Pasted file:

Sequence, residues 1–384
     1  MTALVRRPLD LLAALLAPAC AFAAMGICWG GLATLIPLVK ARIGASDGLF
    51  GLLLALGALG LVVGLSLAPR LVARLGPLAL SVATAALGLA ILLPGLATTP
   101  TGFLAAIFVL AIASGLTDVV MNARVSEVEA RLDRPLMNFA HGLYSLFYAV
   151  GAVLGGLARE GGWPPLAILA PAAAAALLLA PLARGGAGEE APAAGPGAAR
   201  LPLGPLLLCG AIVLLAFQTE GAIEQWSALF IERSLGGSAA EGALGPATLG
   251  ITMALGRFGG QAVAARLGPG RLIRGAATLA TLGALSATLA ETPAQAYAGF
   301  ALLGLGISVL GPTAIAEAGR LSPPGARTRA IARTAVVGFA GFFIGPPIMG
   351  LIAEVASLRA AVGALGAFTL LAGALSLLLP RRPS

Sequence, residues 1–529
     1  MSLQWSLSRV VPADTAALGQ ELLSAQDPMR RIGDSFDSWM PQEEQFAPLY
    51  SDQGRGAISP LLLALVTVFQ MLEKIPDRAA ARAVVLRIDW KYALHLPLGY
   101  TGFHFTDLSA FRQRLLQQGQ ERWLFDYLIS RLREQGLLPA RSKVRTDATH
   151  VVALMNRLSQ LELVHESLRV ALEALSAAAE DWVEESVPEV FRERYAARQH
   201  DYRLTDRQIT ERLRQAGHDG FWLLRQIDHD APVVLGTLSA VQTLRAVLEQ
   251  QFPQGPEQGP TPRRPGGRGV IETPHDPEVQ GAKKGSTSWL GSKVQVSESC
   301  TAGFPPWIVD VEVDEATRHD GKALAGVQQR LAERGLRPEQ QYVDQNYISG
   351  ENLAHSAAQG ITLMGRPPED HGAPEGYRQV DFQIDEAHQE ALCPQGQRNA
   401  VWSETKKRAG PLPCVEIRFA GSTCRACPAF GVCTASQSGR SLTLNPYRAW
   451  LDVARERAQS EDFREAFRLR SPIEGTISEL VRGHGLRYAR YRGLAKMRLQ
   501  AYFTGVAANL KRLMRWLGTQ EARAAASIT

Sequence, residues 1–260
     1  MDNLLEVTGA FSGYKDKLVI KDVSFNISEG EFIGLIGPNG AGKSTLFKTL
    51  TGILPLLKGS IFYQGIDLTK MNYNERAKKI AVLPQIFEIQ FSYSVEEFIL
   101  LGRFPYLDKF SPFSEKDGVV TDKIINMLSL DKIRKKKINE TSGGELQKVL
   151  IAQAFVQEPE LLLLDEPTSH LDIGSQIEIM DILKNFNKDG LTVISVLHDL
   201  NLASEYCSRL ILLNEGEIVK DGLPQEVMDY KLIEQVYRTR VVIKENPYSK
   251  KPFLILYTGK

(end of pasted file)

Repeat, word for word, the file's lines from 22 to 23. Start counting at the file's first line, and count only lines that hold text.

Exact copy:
Sequence, residues 1–260
     1  MDNLLEVTGA FSGYKDKLVI KDVSFNISEG EFIGLIGPNG AGKSTLFKTL